ü      Investments

In finance, an investment is a monetary asset purchased with the idea that the asset will provide income in the future or appreciate and be sold at a higher price.

Investors have no willing  to involve to the business and just looking for a profit after a predetermined period of time.

Investment in this case has lower risks and profits and  include the purchase of bonds, stocks


ü     Stock

When you purchase stocks, or equities, as your adviser might put it, you become a part owner of the business. This entitles you to vote at the shareholders' meeting and allows you to receive any profits that the company allocates to its owners. These profits are referred to as dividends


While bonds provide a steady stream of income, stocks are volatile. That is, they fluctuate in value on a daily basis. When you buy a stock, you aren't guaranteed anything. Many stocks don't even pay dividends, in which case, the only way that you can make money is if the stock increases in value - which might not happen. 

Compared to bonds, stocks provide relatively high potential returns. Of course, there is a price for this potential: you must assume the risk of losing some or all of your investment. (For additional reading, see Stock Basics tutorial and Guide to Stock Picking Strategies.)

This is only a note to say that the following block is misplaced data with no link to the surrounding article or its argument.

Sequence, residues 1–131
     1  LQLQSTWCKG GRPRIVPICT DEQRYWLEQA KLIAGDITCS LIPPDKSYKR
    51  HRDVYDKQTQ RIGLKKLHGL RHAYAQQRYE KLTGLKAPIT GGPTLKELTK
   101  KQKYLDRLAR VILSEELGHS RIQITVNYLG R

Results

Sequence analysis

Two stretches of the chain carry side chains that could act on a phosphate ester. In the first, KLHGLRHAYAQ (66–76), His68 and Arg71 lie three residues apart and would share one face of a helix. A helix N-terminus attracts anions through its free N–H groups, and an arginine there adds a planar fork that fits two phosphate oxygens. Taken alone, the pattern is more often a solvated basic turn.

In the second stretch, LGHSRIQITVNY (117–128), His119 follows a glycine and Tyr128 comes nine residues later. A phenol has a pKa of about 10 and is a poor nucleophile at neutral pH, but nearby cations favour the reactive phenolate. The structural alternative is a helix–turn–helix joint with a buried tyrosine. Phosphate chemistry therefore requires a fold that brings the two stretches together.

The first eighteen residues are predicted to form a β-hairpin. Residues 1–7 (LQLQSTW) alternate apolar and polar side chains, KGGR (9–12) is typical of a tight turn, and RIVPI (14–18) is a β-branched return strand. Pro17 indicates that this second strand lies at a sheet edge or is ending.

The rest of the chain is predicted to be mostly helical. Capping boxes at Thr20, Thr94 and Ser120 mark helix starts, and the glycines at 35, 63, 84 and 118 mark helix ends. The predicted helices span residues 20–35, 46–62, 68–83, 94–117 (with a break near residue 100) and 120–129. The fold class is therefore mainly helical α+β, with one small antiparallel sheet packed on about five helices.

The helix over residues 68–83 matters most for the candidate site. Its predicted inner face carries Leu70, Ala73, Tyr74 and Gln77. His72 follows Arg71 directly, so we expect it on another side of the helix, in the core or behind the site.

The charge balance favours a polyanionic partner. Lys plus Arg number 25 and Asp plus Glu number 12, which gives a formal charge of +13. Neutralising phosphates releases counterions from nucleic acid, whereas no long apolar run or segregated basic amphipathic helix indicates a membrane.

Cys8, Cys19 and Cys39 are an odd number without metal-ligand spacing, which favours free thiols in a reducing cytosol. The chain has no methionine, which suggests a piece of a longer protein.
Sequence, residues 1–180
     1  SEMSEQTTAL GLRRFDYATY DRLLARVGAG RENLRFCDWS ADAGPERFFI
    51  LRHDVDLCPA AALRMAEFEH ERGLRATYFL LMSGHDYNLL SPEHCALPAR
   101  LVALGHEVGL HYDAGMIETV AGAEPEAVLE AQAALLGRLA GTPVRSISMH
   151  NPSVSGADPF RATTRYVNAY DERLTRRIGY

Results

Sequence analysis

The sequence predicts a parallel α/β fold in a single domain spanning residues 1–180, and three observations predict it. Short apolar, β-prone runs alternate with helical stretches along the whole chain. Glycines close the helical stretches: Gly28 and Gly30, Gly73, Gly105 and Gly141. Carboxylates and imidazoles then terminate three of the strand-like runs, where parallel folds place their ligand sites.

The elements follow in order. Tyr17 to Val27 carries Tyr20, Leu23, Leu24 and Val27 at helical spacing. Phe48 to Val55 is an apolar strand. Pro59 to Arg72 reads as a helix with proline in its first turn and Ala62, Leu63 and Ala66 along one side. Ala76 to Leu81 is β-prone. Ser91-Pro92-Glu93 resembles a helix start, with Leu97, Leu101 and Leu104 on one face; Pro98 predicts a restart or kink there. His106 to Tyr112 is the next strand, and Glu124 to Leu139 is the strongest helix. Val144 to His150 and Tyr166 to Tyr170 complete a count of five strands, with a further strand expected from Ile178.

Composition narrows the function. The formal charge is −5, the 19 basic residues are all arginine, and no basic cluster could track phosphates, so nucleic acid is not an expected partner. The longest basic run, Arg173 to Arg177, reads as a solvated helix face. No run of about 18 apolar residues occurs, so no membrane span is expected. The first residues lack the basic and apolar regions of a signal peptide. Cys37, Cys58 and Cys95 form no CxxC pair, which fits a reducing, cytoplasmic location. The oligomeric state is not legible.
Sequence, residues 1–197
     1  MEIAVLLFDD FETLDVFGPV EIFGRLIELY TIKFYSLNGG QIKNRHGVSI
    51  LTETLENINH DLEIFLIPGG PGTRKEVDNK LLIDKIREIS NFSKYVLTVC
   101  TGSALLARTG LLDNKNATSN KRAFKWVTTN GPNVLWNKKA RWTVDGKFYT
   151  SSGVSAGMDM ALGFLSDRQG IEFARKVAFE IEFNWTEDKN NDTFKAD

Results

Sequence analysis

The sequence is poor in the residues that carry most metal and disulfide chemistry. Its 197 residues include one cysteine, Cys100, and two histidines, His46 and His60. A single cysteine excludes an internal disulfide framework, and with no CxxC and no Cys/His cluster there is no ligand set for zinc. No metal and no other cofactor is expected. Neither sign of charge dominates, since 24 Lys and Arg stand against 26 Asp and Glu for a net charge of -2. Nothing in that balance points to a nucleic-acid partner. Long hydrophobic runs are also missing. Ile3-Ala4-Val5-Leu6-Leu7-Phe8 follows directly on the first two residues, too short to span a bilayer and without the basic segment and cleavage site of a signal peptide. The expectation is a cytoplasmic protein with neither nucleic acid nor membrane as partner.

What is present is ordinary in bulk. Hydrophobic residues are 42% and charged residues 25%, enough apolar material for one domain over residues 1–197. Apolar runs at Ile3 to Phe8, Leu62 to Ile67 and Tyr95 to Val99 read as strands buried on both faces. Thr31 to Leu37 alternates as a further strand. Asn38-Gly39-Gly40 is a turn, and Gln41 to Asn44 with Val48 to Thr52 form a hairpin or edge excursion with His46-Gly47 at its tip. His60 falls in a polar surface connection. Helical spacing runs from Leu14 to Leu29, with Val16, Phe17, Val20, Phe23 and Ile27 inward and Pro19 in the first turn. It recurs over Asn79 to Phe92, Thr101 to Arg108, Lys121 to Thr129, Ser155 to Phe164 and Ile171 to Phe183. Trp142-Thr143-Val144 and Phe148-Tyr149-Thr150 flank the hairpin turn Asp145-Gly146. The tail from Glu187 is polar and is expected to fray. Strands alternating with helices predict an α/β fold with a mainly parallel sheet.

Bonds

Grouped under the general category called fixed-income securities, the term bond is commonly used to refer to any securities that are founded on debt. When you purchase a bond, you are lending out your money to a company or government. In return, they agree to give you interest on your money and eventually pay you back the amount you lent out.

The main attraction of bonds is their relative safety. If you are buying bonds from a stable government, your investment is virtually guaranteed, or risk-free. The safety and stability, however, come at a cost. Because there is little risk, there is little potential return. As a result, the rate of return on bonds is generally lower than other securities. (The Bond Basics tutorial will give you more insight into these securities.)


  Portfolio ( Bonds & Stock )

A portfolio is a combination of different investment assets mixed and matched for the purpose of achieving an investor's goal(s). Items that are considered a part of your portfolio can include any asset you own - from real items such as art and real estate, to equities, fixed-income instruments and their cash and equivalents. For the purpose of this section, we will focus on the most liquid asset types: equities, fixed-income securities and cash and equivalents.

An easy way to think of a portfolio is to imagine a pie chart, whose portions each represent a type of vehicle to which you have allocated a certain portion of your whole investment. The asset mix you choose according to your aims and strategy will determine the risk and expected return of your portfolio.


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